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Mental Health Challenges For Carers During the Pandemic health and social care stress fatigue
Flexebee Feb 25, 2021 11:59:03 AM

Mental Health Challenges For Carers During the Pandemic

Life throws us unexpected challenges, and the COVID-19 pandemic has been no exception. Patients and staff in care are amongst those who have faced the worst of the implications of the past year or so. As a carer, it is as important as ever to ensure the wellbeing of both your patients and yourself. Addressing your mental health can help you overcome the daily struggles that you may encounter in your role.

The bonds created between carers and their patients often means that the frequent changing of patients, unexpected loss, and the general stress of the job, can take their toll. The feeling of isolation while having to navigate these uncertain waters can sometimes be turbulent and disheartening.

Learning how to cope with these changes and emotions will help you overcome the adverse experiences that you will face in your career in the care industry, and allow you to better appreciate your own worth to those around you, who are supported each day by your selflessness as a carer.

Taking the appropriate online training can go a long way to preparing you for the challenges ahead.

We take a look at what situations you might be faced with when becoming a qualified carer, providing our recommendations of ways to deal with them.

How to cope with loss

As a carer, you will be working with vulnerable and often elderly people. Working on the front-line in this battle against COVID-19 means that those that you care for will be particularly at risk from the virus and life may be lost in the care environment that you work in, as a result. Whether you are an experienced or inexperienced carer, coping with the loss of a patient can be very difficult. You may show vulnerability or want to guard against appearing weak or incapable of dealing with these hardships that the profession presents you with. However, working in care can be a highly emotional occupation, so you should look to those around you for support, be friends, family or colleagues.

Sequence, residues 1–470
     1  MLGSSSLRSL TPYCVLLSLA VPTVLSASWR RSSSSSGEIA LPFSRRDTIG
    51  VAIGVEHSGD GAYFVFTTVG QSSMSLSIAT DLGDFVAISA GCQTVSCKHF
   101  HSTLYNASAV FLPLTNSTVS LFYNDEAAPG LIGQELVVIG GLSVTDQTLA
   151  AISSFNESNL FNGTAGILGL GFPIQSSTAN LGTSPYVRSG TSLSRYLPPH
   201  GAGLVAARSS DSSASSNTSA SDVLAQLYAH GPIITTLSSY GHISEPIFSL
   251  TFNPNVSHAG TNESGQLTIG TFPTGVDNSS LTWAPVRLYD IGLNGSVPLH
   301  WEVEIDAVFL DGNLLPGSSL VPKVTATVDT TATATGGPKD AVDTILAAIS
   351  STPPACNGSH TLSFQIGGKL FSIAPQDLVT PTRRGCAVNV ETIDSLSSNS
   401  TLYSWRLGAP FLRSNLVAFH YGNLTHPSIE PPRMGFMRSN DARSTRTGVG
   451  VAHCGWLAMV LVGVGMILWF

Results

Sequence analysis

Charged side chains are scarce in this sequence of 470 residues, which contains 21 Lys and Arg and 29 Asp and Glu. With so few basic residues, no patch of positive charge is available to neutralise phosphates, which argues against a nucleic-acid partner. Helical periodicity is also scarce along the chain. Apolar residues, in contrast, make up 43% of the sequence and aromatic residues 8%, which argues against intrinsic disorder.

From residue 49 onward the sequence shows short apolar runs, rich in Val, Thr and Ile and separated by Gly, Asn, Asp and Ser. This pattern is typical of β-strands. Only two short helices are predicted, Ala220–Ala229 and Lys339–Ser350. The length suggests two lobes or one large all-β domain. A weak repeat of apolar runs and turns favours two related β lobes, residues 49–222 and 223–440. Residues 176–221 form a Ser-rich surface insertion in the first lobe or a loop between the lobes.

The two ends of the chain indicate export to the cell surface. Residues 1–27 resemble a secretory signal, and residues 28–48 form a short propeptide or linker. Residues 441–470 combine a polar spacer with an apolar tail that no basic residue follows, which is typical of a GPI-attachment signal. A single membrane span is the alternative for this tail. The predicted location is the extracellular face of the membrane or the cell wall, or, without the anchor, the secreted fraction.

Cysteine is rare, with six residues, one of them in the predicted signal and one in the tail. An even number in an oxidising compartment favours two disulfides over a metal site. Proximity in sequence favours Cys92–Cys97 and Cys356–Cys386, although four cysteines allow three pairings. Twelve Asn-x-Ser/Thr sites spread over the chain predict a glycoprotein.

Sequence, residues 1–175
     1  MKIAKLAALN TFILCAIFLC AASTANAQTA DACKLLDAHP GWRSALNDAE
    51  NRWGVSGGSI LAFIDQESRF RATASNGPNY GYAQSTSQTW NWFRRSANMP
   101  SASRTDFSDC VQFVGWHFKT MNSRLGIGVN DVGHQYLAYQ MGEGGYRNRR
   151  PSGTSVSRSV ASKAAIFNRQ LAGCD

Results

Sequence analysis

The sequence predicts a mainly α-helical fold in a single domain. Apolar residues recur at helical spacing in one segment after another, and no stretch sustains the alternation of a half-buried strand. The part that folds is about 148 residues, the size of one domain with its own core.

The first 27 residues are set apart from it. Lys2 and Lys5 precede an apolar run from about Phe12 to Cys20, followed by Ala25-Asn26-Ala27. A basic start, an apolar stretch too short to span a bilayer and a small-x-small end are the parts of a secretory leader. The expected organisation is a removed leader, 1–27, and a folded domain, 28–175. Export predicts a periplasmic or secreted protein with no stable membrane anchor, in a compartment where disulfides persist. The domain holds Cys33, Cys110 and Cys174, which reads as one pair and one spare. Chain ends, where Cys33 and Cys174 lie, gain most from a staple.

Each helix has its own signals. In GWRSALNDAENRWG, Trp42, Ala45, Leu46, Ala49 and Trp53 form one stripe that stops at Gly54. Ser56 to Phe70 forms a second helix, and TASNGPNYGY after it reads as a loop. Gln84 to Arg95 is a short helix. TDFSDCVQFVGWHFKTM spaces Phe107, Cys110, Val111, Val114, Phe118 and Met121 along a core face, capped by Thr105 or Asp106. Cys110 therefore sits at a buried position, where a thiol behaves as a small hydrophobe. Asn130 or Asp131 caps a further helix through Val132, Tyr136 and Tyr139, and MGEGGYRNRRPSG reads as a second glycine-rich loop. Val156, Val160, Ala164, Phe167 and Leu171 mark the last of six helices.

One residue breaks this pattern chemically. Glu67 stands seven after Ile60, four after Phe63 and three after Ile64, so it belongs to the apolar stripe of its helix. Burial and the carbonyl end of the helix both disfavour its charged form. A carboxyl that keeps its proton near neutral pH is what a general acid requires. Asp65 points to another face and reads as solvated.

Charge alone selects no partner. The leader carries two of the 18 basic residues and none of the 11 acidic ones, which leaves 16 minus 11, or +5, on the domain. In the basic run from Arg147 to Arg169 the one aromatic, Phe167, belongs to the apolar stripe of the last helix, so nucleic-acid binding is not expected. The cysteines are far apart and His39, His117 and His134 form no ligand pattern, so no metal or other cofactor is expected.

Providing professional care requires developing trust with your patients so that they feel comfortable and secure in your presence. The bond that forms is real and, as such, can lead to feelings of sadness, grief and anger, should the patient pass away. Even experienced healthcare professionals still feel this same sense of grief or loss over their patient’s death, but with time comes wisdom, and the process of handling loss does get better.

Don’t be ashamed or afraid to express your emotions associated with a patient's death, it's human nature. Talk through the scenario with a loved one, friend, or colleague. Getting this off your chest will provide relief and leave you more prepared if you experience it again.

How to deal with the grieving process

Grief can be rather debilitating for anyone, so ensuring that you maintain a good work/life balance could go a long way to helping you cope with it, allowing you the opportunity to take your mind off your job so you can reset, ready to go back. Remember to take some time out every day for yourself - these moments of introspection can have a very positive effect on your well-being.

The importance of those around you should not be underestimated either. Maintaining close bonds with your own family and friends gives you a network of support for when someone in your care environment passes away.